Less demand from China brings down hide prices17 August 2007
Hide values continued to rise throughout 2006 and, by December, all steer hide selections were commanding prices well over $70 per piece on an FOB basis. In the latter half of 2006, steer hide prices rose around 20% while cow hide prices went up by about 22% for the year.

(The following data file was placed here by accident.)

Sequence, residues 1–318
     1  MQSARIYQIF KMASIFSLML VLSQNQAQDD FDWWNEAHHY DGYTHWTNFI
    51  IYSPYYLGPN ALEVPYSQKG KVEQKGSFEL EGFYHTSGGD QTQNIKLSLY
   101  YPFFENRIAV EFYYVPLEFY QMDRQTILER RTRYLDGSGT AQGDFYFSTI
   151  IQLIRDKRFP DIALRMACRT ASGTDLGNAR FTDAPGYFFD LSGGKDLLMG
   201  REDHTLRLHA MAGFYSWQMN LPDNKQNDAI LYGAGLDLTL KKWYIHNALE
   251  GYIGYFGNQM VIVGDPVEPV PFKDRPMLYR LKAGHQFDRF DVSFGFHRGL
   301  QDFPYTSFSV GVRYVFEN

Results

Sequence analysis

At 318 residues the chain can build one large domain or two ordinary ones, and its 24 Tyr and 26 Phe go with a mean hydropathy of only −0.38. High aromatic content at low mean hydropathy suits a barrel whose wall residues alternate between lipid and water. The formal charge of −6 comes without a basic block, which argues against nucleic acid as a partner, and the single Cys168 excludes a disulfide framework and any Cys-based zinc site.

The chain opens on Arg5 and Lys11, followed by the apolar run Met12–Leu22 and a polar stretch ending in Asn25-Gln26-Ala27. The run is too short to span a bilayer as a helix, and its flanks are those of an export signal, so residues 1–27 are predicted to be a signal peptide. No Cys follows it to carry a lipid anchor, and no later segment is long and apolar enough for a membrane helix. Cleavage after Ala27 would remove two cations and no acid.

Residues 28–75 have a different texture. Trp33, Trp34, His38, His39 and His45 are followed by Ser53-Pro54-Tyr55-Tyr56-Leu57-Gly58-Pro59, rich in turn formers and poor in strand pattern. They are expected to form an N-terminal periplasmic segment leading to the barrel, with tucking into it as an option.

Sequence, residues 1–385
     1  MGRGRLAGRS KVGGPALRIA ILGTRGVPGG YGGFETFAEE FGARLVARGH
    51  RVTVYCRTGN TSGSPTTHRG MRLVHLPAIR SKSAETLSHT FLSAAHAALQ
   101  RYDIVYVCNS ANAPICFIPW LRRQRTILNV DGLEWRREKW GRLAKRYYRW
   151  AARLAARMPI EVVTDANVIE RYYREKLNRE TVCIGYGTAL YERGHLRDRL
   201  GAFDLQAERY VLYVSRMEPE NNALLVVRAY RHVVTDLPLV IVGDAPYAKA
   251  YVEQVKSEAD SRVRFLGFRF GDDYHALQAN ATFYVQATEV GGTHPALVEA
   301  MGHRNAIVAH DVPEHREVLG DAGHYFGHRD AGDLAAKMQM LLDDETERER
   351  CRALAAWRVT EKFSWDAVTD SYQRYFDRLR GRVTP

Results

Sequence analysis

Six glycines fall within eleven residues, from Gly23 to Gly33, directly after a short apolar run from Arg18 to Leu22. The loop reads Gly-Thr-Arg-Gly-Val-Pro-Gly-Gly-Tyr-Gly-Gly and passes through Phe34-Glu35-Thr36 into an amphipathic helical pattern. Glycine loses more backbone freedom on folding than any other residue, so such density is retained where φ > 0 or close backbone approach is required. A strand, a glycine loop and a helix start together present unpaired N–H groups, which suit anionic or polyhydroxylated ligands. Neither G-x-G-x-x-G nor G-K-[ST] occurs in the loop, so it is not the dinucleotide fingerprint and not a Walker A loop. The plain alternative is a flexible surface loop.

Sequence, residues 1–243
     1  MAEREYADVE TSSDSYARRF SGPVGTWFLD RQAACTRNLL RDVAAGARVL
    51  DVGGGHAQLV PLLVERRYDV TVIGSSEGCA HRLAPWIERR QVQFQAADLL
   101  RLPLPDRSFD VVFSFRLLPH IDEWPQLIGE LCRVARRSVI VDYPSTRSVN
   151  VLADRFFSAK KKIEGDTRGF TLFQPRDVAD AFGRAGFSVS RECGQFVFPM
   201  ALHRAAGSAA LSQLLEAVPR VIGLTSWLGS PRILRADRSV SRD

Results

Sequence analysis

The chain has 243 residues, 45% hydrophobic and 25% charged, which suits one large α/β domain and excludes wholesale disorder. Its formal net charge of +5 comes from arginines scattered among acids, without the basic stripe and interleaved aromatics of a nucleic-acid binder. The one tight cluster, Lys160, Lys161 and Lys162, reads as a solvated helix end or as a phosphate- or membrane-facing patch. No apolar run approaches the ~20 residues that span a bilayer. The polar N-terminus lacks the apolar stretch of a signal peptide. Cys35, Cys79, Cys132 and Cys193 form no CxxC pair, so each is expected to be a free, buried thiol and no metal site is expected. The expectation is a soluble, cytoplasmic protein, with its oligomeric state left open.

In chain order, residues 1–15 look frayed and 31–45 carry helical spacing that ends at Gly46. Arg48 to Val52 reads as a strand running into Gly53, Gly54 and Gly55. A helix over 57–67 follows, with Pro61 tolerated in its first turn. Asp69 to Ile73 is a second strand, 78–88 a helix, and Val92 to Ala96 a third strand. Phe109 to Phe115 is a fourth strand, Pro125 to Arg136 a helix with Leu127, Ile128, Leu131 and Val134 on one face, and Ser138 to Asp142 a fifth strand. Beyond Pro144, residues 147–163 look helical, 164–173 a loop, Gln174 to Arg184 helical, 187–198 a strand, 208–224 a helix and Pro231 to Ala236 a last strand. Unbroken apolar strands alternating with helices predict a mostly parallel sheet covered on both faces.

It was not possible to predict the extent of the demand for US hides during the past year. According to the US Hide, Skin and Leather Association, China was the biggest enigma for the hide industry. 'In the past five years, China has expanded their tanning industry so rapidly that today we are at a point where China consumes well over 50% of the hides produced here in the United States. 'It is easy to see how China has dominated the market over the last several years! With established tanneries in Korea, Thailand, and Indonesia still running and needing hides, these tanning areas are in a constant battle to get enough hides to tan. Between the Chinese and the other Asian tanners, there simply have not been enough hides to go around, thereby causing hide prices to increase. 'In 2006, the constant rise in hide prices made profit margins impossible to maintain without substantial increases in leather prices. In many cases, these necessary price increases were not forthcoming, with leather prices actually forced lower. The tanning industry at the end of 2006 is probably in the toughest financial bind we have seen in years. As a result, we are likely to see an increase in tanner bankruptcies and closings in the months to come. 'Despite these financial difficulties, there are simply too many tanneries making too much leather and needing too many hides. As a result, we have seen the demand for hides outstrip the available supply, so hide prices continue to climb.' Speaking at the meeting of the International Council of Hides, Skins and Leather Traders Associations in Hong Kong earlier this year, Mike Reddington spoke of his association's expectations for 2007, in particular with regard to China. 'Today, the winds of change are now spreading through China because pressure is being brought to bear on the Chinese government by environmentalists and foreign governmental financial groups. 'There has been a large growth in the middle class, as managers are needed to oversee the production lines and sell the products. These middle class managers command higher incomes and this is creating a much larger domestic consumer base than expected. Consumer demand is skyrocketing in China. 'Environmental concerns are suddenly in vogue. The upcoming Olympics in China have prompted the Chinese government to make drastic changes in effluent treatment rules. Evidently, four of the five rivers that run through or around Beijing are so polluted that they cannot even be treated to produce drinking water. The government is now cracking down on any polluting industry and that includes the tanning industry. This is all to show the world a good face during the upcoming Olympics in 2008 and to appease both domestic and international environmentalists. 'Many tanners and shoe manufacturers are looking at other Asian countries to make leather and shoes. Vietnam, Indonesia and Thailand are all under pressure to increase production. However, their governments have seen what has happened in China and are now resisting any urge to expand polluting industries. Another problem with moving the hide and leather industries is that moving the tanning production to other countries is not that easy. 'Building a tannery takes years, including the necessary water treatment facilities. Therefore, since tanners have made the investments and built the plants in China, we believe that it would be difficult to find anywhere to go in Asia other than to poor third-world countries, such as India or Bangladesh. As a result, tanners in Korea and Taiwan will once again regain some of the business they lost to China. Tanneries that were not closed in those countries when production moved to China should reap increased leather orders in 2007. We expect to see more American hides exported to Korea and Taiwan next year.' In 2006, 86% of all hides and skins were sold to East Asia (mostly China). Overall there was an increase in the East Asia region generally, along with Oceania. This could offer potential markets for the leather industry that may move out of China due to the difficult margins. There is no doubt that when it comes to market share, China is well to the fore and changes that are occurring in China need careful observation. However, it is likely that China will continue to require the most hides in order to sustain their large tanning and leather industry. China bought ten million cattle hides in 2006 compared with eight million the year before and just under five and a half in 2002 and 2003. Hong Kong took a further 1.35 million, down from a peak of 2.5 million in 2003. Korea takes second place with 3.5 million which is actually down from 4 million in previous years and a 5.8 million requirement in 2002. Taiwan and Mexico are the next two most important customers with Taiwan nearing the two million mark and Mexico with just over 1.2 million. Italy, followed by Thailand hover just under the half million. Footwear imports By 2004, footwear exports from China had increased by more than 17% to 5,885 million pairs and the US was the main destination with 1,742 million pairs. In total, the Asian region increased production by 3.5% and consumption by 0.5%. In North and Central America, footwear production decreased by 8% and imports increased by 6.4%. The US topped the table of leading importers and was second in the table of leading consumers. Footwear consumption in the US was up to 7.3 pairs per capita per year. In South America, Brazil was the only country in the area that increased footwear production. Overall production increased by 89 million pairs. Brazil exported 189 million pairs to 212 countries worldwide worth US$1,414 billion (9% less than in 2005) and produced 755,000 pairs. The domestic market consumed 540 million pairs. By 2006, footwear imported from China (excluding rubber and disposables) had risen to 1.771 billion pairs. More recent statistics showed that US footwear imports from China had increased 8.7% to 201.7 million pairs worth $1.2 billion in January 2007. China is by far the largest footwear supplier to the US, with an 87.2% of total US footwear imports in January 2007, up from an 85.7% share in January 2006. US footwear imports from a number of countries showed substantial growth in January 2007, including Vietnam (9.7%), Taiwan (109.3%), Canada (25.3%), Poland (22.3%) and Slovakia (120.5%). Vietnam is expected to consolidate its position as the second largest US footwear supplier to shift their focus away from the European market. On the other hand, a number of countries experienced a drop with imports from Brazil declining (-21.2%), Indonesia (-9.7%), Italy (-7.6%), Thailand (-9.4%), India (-17.6%), Spain (-13.7), Dominican Republic (-33.5%), Germany (-51.6%), Romania (-54.5%), South Korea (-41.7%), Philippines (-28.3%) and Portugal (-33.2%). US demand for Western European and Brazilian shoes has been hurt by the rising values of the euro and the Brazilian real.